Two months after Prime Minister Narendra Modi had ordered ‘notebandi’, I had visited Johra, a small village in Western Uttar Pradesh, 50 km from Delhi, to report the impact of major policy change on lives of people. The men, mostly artisans and small-time vendors, the womenfolk, who worked as labours in fields and some enterprising ones who stitched trousers for an apparel manufacturing unit, had become jobless overnight.
Two years later, India’s economic growth has suffered a notch and is not yet stable by global standards, but in Johra, life remains unchanged. The rampant joblessness haunts its people, men, women and children look emaciated and pale, apparently due to poor health and low nutrition intake. Poverty levels have increased and so has the interest on the Rs 30,000 loan almost all 150 families had taken from a chit fund company, to fund their small businesses.
The artisans are jobless or are paid less for the work they do because city people, who would employ them, are no longer spending on luxuries and big parties.
Johra’s story stands in contrast to the ‘Robust India’ story presented by Modi too often on global platforms and big ticket events and, ironically, closer to PM’s pakora-selling proposition that he had made in a television interview. Modi had wanted his critics, who are blaming him for leading India into a jobless growth, to consider pakora selling as a gainful employment.
Though experts don’t consider selling pakoras on roadside is a great job nor do millions of young people dream of becoming millionaires by selling the fried snack. Modi’s currency swap interregnum had dealt a major blow to even the informal economy, of which pakora selling in a part of. On December 8, when Modi arbitrarily suspended all currency without making arrangements to replace it soon, the informal sector, that as per estimates constitutes about 70-80% of jobs in India, was hit very hard; the economy is yet to recover from it.
Though people had hit back to Modi on the social media for his pakora jibe, even the government agencies like NITI Aayog would not consider pakora selling as a job. According to the vision document of the NITI Aayog released last year, while unemployment remains a serious concern, India’s underemployment is chronic and poses a bigger challenge to policymakers. The government’s labour ministry has acknowledged the sharp decline of jobs in the labour market and since constituted a task force to find a way out of it.
The domestic rating agency Care Ratings has said in October that India’s employment generation has not kept pace with GDP expansion. The report said it was a serious concern and suggested that government go for "proactive measures."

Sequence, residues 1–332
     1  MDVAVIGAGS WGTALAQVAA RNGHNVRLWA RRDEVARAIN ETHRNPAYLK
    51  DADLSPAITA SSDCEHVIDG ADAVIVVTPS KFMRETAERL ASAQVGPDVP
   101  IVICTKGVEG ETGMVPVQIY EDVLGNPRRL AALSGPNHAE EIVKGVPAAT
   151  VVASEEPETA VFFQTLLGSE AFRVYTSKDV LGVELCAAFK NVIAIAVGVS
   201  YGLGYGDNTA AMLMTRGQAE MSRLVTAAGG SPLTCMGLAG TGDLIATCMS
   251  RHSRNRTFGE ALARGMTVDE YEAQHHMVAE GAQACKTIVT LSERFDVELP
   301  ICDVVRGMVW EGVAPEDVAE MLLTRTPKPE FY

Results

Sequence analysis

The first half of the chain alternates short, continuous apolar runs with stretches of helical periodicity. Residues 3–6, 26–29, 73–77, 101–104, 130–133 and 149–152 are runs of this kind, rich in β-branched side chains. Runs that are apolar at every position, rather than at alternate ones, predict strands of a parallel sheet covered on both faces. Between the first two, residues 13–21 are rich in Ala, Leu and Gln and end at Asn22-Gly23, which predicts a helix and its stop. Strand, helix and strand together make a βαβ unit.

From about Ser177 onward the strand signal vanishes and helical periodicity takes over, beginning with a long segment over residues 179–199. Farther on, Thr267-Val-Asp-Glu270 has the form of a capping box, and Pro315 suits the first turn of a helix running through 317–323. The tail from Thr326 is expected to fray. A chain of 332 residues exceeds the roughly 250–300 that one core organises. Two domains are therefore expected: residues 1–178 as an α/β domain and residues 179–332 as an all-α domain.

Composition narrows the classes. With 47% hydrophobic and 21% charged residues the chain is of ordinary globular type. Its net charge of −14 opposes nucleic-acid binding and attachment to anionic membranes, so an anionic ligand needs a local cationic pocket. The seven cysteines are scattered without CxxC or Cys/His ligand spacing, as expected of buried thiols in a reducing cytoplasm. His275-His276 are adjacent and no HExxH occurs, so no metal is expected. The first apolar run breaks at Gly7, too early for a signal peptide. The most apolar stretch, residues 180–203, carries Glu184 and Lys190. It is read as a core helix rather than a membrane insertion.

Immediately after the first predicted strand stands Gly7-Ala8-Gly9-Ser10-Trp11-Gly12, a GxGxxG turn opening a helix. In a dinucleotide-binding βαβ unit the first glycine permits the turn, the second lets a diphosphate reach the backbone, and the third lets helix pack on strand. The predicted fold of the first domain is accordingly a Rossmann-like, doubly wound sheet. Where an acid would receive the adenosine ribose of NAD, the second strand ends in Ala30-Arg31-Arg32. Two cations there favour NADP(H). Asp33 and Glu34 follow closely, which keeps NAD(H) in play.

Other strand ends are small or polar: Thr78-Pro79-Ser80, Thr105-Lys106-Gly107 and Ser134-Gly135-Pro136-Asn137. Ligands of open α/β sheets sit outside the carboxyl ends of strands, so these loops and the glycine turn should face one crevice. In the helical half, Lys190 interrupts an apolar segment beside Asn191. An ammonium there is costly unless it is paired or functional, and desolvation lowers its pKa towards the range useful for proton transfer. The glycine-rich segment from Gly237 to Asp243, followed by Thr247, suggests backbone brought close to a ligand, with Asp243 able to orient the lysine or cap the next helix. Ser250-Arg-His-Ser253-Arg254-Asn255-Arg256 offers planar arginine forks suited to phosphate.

Modi refuses to take blame for doubling the unemployment rate during his tenure and instead resorts to bluster and Congress bashing in Parliament and election rallies forgetting the fact that his victory in 2014 was due to huge support the youth had given him for his promise of job creation.
As per estimates, India needs to create jobs for about 1.3crore youth who enter job market each year. As against this, for past three years only 4.3 lakh jobs are being created per year. The Hindu newspaper says at this rate India’s all jobless people would have to wait for 40 years. This is hypothetical situation not taking into consideration the annual growth of jobless persons.
As against this bleak scenario, Modi had claimed he would create one crore jobs per year.
The job crunch has been the worst in the manufacturing sector, which had suffered the worst fate due to the ‘notebandi’ and setback to informal sector supporting it. Modi would get wiser to have a look at the vision document released by the NITI Aayog last year. This lists underemployment – pakora selling etc. – as India’s more serious and chronic problem.
Modi’s policies have hit women the most as they are the first to be fired in case of downsizing of companies or industries. The unemployment rate of women in India has shot up in 2015-16 to 8.7 per cent as compared to 4.3 per cent for men, as per the report of Labour Bureau.
As her annual employment-unemployment survey India has about, about 77 per cent of the households with no regular wage earning or salaried member. The survey states that unemployment rate has in 2016-17 been estimated to be 13.2 per cent. The figure stood at 4.9 per cent in 2013-14, 4.7 per cent (2012-13), 3.8 per cent (2011-12) and 9.3 per cent (2009-10).
Instead of working with policymakers and sending down a sense of urgency, Modi has decided to address this with his characteristic propaganda and diversionary tactics. In the Gujarat elections, where joblessness was an issue, he choose to raise emotional issues, sell brazen lies about his opponent (for which his finance minister Arun Jaitley later apologized in parliament) and blame the Congress and more specifically the Nehru-Gandhi family for all the ills of India.
His ‘Make in India’ is a sham as nothing worthwhile has been achieved through it so far. His skill India slogans is able to get youth out of villages for training for small time skilled jobs but they run away to their homes finding that with low wages they will not be able to sustain in big cities where all the jobs are.
As against this, the world is preparing for a situation where artificial intelligence will replace humans in manufacturing; banks will turn into virtual spaces. This would render India’s economic model redundant. Are we prepared for this? Unfortunately, Modi’s vision remains focused on the past –when Nehru and Sardar Vallabhbhai Patel were sincerely shaping a new and secular India. Thanks to their vision, we, the people of all faiths are one and multitudes of cultures thrive in this country. One wonders what legacy Modi will leave after him.
(Published on 12th February 2018, Volume XXX, Issue 07)